Every day, I listen as people explain their day-to-day routines and lifestyles—lifestyles that often involve sedentary jobs, multiple jobs, long commutes, convenient foods, family caregiving, after-school sports, late-night television, etc. There is no doubt that our modern lifestyles present some challenges to eating well, exercising regularly and getting quality sleep.
For people with diabetes, the challenge can seem even greater. The additional self-care tasks, such as monitoring blood sugar, managing medications and going to healthcare appointments can manifest into a lengthy “to-do” list, making diabetes management feel like a chore and making a healthy lifestyle seem a little out of reach.
But there’s good news—it’s not. As a registered dietitian and certified diabetes care and education specialist, I enjoy helping people find ways to adopt healthy lifestyle habits.
One strategy for managing diabetes is to zero in on one or two health habits at a time. Bring some focus to a specific aspect of health or self-care and keep the focus on this process. It is okay to choose more than one habit to develop at a time but try to resist the urge to tackle everything at once.
Over time, new habits will become ingrained, and you can move on to the next behavior to nurture and develop. Below are a few habits that I think can have a big impact on your health and make living with diabetes a little easier in the long run.
1. Practice positive self-talk.
The human brain likes to focus on things we are not doing well. Start your day by reminding yourself of the self-care habits that you are doing well. When the negative thoughts arise during the day, gently replace those thoughts with positive thoughts.
For instance, if your brain likes to point out blood sugars that are out of target range, remind yourself that you are practicing good care by monitoring your blood sugar and communicating results with your healthcare team.
2. Start your day with a good night’s rest.
Sleep is restorative and studies indicate that blood sugar regulation can be improved when you have had a quality night of sleep. Commit to a calming evening routine and a reasonable bedtime. Allow for 7-9 hours of rest each night.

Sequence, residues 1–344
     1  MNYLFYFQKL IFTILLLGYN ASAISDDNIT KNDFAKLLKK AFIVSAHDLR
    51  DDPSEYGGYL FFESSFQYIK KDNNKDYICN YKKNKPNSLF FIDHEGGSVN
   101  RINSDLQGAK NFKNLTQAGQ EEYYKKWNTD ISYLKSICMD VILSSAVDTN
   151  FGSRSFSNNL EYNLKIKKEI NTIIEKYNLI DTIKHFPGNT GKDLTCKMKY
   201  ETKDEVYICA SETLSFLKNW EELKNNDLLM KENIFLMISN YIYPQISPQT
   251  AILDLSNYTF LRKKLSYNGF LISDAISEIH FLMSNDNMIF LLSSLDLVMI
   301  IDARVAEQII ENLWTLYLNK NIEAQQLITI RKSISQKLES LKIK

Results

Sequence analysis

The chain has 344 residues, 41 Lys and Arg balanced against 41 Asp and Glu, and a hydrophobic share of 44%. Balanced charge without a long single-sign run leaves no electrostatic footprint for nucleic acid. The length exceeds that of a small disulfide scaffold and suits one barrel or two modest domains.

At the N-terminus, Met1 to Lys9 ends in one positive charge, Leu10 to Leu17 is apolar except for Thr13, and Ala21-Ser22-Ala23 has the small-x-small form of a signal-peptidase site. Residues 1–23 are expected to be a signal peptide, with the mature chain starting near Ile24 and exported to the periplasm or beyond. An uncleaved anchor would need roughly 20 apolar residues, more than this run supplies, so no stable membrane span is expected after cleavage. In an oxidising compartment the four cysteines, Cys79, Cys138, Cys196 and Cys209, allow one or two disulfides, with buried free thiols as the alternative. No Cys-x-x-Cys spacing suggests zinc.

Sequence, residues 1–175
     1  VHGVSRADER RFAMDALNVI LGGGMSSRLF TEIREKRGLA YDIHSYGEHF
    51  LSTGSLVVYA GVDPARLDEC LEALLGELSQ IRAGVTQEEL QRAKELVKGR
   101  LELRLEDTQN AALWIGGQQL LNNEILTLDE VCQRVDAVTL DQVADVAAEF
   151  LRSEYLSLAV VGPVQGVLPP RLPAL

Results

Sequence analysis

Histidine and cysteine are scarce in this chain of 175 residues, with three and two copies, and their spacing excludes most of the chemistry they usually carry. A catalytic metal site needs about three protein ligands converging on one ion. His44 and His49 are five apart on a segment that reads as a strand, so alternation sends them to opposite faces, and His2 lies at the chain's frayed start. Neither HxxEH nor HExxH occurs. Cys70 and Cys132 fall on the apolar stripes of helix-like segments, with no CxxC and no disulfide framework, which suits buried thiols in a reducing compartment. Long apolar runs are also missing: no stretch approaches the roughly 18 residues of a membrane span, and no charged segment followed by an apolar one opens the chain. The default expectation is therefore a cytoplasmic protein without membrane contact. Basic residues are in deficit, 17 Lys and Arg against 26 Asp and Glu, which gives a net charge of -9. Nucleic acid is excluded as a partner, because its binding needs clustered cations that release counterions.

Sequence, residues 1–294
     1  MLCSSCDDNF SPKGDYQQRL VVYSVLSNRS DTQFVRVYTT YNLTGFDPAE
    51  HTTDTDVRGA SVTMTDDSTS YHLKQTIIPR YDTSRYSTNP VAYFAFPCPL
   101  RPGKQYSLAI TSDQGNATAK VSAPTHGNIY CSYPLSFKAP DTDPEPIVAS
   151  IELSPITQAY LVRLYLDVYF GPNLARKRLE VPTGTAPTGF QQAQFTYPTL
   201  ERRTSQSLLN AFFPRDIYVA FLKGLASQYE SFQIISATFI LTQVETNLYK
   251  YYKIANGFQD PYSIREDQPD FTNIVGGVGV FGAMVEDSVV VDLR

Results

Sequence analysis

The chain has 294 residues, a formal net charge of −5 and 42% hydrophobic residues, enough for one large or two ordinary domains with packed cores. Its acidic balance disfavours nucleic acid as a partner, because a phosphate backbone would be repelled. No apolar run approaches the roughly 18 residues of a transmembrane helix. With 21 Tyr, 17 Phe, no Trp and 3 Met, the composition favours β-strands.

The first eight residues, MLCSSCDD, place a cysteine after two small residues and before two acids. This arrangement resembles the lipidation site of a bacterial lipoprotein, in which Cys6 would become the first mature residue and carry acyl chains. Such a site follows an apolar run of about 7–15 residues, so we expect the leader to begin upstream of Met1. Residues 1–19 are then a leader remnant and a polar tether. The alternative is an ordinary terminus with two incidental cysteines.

If you have trouble falling asleep or staying asleep, consider factors that can help such as a cool room temperature, reduced noise and light, and avoiding television and other screens 30-60 minutes prior to bedtime.
3. Plan and prep one or two meals for the next day.
If you leave the house without a plan for nourishing yourself, the universe will respond with fast food. Try spending 10-15 minutes each evening prepping breakfast and lunch for the following day. This practice can save you time and help you make healthier choices for those meals.
Related: Your essential diabetes checklist
4. Consider continuous glucose monitoring (CGM).
Devices that monitor glucose continuously make glucose monitoring a breeze. These tools stand out as one of the most effective and useful technological advances in recent years. CGM is not for everyone and many insurance plans will only cover the costs of the device if specific criteria are met. But, if you are on insulin and take three or more shots per day, this device can really save time and also provide safety alerts.
5. Ask for help.
You may not need to ask for help on a daily basis, but ask yourself, “What do I need help with?” on a regular basis. Match someone else’s skills with a task that you find challenging. Maybe your spouse is good at organizing—ask them to help you organize your medications and supplies. Maybe you would move more if you had company—ask a friend to be your exercise buddy. Perhaps your teenager could help you upload your meter data to the healthcare portal.
When you identify your support group and ask for assistance, it can relieve your burden and give your family and friends a way to show they care.
6. Do something that makes you smile every day.
Life can be stressful. Stress can negatively impact blood sugar and can lead to a sense of overwhelm. Find time to relax and enjoy life, whether that is being with friends or family, taking a nice walk in the park, being kind to a stranger, listening to a fun podcast or signing out loud on your way to work. Make it a point to make yourself (and others) smile and remember the feeling of joy.
These are just a few ideas that could help make living with diabetes a little easier. Some health habits are easily adoptable while others are strangely elusive. The real challenge is to enjoy the process of building new habits and to be kind to yourself along the way.
Feeling overwhelmed by diabetes? Find diabetes education and support today.
About the author
Sandra Spicer-Moore, RD, CDCES, is a registered dietitian and certified diabetes care and education specialist on staff at Baylor Scott and White Specialty Clinic – Round Rock.